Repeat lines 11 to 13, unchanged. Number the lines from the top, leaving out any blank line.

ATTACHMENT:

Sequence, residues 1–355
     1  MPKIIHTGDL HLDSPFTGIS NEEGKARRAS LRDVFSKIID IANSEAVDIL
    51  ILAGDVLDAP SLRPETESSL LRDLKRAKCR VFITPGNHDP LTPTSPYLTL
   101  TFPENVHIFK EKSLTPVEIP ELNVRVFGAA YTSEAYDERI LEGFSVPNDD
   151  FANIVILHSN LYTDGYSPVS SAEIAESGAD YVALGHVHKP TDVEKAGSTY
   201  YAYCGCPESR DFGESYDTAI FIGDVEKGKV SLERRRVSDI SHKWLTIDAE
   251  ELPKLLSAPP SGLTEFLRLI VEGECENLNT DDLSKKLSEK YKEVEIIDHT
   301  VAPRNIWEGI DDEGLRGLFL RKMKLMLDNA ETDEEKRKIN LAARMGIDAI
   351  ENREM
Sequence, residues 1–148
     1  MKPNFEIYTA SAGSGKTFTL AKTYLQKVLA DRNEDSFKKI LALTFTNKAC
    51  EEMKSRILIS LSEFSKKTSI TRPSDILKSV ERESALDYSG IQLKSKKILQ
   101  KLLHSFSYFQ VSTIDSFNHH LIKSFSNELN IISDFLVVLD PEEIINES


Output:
     1  MKPNFEIYTA SAGSGKTFTL AKTYLQKVLA DRNEDSFKKI LALTFTNKAC
    51  EEMKSRILIS LSEFSKKTSI TRPSDILKSV ERESALDYSG IQLKSKKILQ
   101  KLLHSFSYFQ VSTIDSFNHH LIKSFSNELN IISDFLVVLD PEEIINES